With Africa becoming more important in the apparel and textile supply chain, cotton exports from West Africa for the 2018-19 crop year are forecast to exceed last year’s record, the U.S. Department of Agriculture (USDA) said in its latest “Cotton: World Markets and Trade” report.
Driving export shipments has been record production, USDA said. Mali and Burkina Faso are the largest producers and forecast to have record crops based on expanded area. West Africa, which accounts for more than 75 percent of Africa’s cotton exports, includes Benin, Burkina Faso, Cameroon, Central African Republic, Chad, Côte d’Ivoire, Ghana, Mali, Niger, Nigeria, Senegal and Togo.
Nearly all of West African cotton is exported, USDA noted, as mills are sparse within the region, “signifying the pivotal role that foreign demand plays for West African producers and merchants.” The top destinations are South and Southeast Asia, where use of the raw materials to make textiles has grown.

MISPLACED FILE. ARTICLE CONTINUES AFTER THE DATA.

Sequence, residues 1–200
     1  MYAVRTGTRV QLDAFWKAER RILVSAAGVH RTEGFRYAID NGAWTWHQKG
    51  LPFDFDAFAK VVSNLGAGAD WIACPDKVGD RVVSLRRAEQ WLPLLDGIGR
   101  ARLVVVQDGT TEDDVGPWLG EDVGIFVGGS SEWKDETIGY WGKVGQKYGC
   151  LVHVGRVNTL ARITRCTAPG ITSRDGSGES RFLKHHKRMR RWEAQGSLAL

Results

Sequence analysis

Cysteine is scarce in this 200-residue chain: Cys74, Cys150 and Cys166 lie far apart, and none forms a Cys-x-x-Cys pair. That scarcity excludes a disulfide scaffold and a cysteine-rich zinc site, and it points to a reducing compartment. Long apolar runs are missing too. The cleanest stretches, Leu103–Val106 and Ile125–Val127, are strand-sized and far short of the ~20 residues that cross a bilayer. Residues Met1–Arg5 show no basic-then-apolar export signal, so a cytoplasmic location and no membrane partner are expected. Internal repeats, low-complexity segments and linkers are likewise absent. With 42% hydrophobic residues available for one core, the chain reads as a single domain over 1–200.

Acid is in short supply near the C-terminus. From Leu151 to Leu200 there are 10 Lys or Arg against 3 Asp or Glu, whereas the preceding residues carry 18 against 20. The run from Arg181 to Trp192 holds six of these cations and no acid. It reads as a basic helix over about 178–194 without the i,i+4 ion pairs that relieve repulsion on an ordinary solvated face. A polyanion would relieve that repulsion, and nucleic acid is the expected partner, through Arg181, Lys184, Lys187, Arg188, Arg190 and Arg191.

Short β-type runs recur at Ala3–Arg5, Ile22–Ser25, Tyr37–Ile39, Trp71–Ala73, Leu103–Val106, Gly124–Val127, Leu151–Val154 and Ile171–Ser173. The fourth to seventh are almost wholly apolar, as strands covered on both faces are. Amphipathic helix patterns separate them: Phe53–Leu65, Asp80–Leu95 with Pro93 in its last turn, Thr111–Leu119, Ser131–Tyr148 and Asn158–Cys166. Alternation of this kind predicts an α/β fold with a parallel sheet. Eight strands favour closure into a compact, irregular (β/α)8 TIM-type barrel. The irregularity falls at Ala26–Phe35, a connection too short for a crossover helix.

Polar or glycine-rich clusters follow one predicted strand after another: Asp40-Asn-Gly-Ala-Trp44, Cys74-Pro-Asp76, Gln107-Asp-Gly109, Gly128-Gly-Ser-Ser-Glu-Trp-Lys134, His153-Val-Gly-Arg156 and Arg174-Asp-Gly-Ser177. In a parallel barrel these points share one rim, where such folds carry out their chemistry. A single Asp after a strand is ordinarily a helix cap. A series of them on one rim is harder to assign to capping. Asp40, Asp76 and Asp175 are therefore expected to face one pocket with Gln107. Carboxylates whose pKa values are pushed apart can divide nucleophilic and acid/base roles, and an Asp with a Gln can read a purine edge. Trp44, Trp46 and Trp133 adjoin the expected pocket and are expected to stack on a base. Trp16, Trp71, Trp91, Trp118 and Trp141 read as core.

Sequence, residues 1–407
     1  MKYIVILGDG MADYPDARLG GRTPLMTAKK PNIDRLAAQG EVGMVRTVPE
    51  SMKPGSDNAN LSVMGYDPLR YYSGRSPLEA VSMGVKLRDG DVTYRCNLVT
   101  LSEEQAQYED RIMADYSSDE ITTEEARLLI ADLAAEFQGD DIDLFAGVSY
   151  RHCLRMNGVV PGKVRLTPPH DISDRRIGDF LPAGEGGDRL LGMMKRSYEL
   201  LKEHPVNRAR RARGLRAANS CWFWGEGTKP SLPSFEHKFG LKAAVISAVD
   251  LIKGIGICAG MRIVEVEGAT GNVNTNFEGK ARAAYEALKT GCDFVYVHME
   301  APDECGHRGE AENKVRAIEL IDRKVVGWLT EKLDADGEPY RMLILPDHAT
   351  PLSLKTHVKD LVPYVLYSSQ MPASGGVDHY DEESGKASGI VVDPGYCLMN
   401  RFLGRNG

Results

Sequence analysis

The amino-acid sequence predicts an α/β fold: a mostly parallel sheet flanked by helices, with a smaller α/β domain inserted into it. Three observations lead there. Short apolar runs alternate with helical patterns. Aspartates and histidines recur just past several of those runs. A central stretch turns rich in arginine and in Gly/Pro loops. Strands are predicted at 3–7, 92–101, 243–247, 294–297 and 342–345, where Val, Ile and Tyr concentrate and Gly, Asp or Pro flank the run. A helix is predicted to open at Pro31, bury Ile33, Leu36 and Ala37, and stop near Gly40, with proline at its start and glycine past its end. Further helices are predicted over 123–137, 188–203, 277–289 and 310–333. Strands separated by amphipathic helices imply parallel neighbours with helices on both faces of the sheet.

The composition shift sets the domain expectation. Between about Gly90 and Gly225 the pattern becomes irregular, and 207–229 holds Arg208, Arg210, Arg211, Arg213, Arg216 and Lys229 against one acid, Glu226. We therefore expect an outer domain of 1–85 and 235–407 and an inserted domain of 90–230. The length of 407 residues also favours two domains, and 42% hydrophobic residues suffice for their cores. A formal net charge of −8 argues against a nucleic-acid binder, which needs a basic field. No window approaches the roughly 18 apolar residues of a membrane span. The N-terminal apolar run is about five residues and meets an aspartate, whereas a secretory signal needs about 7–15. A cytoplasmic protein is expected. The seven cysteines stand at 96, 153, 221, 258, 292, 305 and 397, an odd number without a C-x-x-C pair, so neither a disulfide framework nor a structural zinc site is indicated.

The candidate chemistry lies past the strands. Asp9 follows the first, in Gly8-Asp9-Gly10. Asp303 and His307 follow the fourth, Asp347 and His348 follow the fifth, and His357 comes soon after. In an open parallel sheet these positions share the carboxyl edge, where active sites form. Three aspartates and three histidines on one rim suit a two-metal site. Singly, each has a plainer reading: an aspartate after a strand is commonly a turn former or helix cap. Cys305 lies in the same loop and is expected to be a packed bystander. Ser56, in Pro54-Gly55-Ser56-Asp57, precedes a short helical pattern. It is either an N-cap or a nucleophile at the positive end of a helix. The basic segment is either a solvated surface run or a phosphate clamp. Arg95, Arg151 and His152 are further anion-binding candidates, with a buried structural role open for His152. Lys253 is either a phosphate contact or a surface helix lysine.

Bangladesh, the world’s largest cotton importer, has recently chosen to import greater amounts from West Africa instead of cotton originating in Central Asia. USDA’s forecast for Central Asia production is lower for the current crop year, and Uzbekistan, the largest exporter in that region, is using more cotton domestically to support a growing textile industry.
“Record exports in the midst of record global use in 2018-19 will underscore the importance of cotton as a vital cash crop for farmers and a prominent source of foreign currency for West Africa countries,” USDA said.
Meanwhile, countries in Eastern Africa, such as Egypt, Ethiopia, Kenya and Tanzania, are leading the way for a push in apparel exporting. U.S. apparel imports from Sub-Saharan countries, primarily participants of the African Growth & Opportunity Act trade preference program, increased nearly 18 percent, to $659.71 million year-to-date through July, compared to the same period in 2017, according to the Commerce Department’s Office of Textiles & Apparel (OTEXA).